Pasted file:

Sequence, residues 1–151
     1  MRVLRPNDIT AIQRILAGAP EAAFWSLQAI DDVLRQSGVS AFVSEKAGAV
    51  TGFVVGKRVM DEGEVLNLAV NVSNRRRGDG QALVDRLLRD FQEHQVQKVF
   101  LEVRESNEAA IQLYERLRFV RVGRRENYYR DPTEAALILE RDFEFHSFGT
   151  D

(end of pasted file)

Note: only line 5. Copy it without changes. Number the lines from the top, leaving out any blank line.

   151  D